Determine if charts, graphs, or illustrations are appropriate. When possible, make executives available for questions.
Don’t offer identical interviews to different publications, particularly if it is not breaking news. You can damage any relationship you have built if the same interview appears in competing newspapers or on competing radio or television programs.
Make sure you or your spokespeople are trained in handling the media, especially for broadcast interviews, where you need to respond quickly and clearly. Having a session or two with a professional media trainer will give you far more confidence, as well as some knowledge of how to better control the interview.
Follow up intelligently. It is a good idea, after sending a press release, to follow up with a phone call. Editors can get hundreds, even thousands, of press releases every day and don’t necessarily read every one. Reminding an editor of the subject of your press release may pique her interest. She may ask you to send the release again. Do so, marking it clearly “Information requested by [name and date].” Then follow-up once more. The more relevant the information is to the audience, the more likely the press release will be used and phone calls returned.
Don’t keep calling to find out if or when your press release or interview will appear. This is one case in which the squeaky wheel not only doesn’t get the grease, it may end up in the junk pile.
Above all be ethical. Never misinform, and be careful what you omit in the service of spinning your story. If you don’t know the answer, say so, and get the answer. If you can’t reveal certain information, say so.
Many corporations discourage employees from speaking directly with the press about company activities. From a corporate perspective, controlling the message assures consistency, as well as the ability to address press inquiries in an organized fashion. It also reduces the need for “damage control” when an unauthorized spokesperson makes a mistake. On the other hand, this policy does limit the ability of a local sales executive to build local visibility and credibility and may frustrate a reporter or editor who is looking for a local expert to quote.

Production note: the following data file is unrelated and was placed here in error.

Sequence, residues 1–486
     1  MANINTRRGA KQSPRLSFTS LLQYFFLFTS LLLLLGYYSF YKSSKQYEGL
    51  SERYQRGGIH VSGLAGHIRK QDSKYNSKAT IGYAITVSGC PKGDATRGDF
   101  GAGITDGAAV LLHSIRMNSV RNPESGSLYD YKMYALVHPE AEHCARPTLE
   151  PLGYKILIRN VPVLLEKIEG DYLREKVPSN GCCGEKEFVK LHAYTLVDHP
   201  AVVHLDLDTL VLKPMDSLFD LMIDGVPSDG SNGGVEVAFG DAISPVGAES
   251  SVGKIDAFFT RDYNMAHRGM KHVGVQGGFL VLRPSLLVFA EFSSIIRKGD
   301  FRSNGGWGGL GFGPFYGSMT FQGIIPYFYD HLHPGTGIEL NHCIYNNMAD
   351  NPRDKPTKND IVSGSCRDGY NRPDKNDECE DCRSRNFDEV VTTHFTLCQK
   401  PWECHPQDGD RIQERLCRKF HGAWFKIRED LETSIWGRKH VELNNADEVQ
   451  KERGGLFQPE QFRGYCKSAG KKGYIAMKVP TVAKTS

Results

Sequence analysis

If direct access to the press is important to you, build a relationship with your public relations or corporate communications group, just as you would with the press. Know the press guidelines established by your company and adhere to them. If a press opportunity arises, contact the appropriate people before making a comment, but do try to find out the nature of the press inquiry, the type of story being written, your role (whether the reporter is looking for a single comment that can be taken over the phone or a sit-down interview) and the deadline the reporter is under. Have this information available before you call corporate communications.
Given the financial industry’s strict regulations, licensed financial advisers should not offer any financial advice to the media before talking to your compliance department or your attorney. If not already required, ask a member of the corporate communications group to monitor any press interview that you schedule. This will not only protect your licenses, but will also help convince them that you are a knowledgeable and responsible spokesperson. Many calls from the press go directly to corporate communications. Let those colleagues
Finding the Right Publications and Editors
Media directories abound, both print and online, that identify everything from general interest magazines to tiny special-interest publications. These directories may be organized by geography or by subject and include such information as geographical address, e-mail address, phone and fax numbers, circulation, frequency (daily, weekly, monthly), and the names and phone numbers or e-mail addresses for the publisher and the various editors. Be aware, however, that editors’ names are often out of date. You should call the publication directly to make sure of the name of the editor you want to reach. When you call, ask the editor or assistant whether he or she is the right contact for your information, and if not, who at the publication might be interested.
If you are asked to become a local spokesperson, ask for media training. If not available internally, find a successful local PR firm that can provide one-on-one training. Expect to pay a fee to any outside firm.
In this post-Enron era, the press is taking a more critical look at the words and actions of the business community. Reporters will be more cautious and less likely to take what is said at face value. Many feel duped and manipulated by events over the past several years. In response, you can expect that statistics and recommendations will be scrutinized and held to a higher standard of proof than in the past.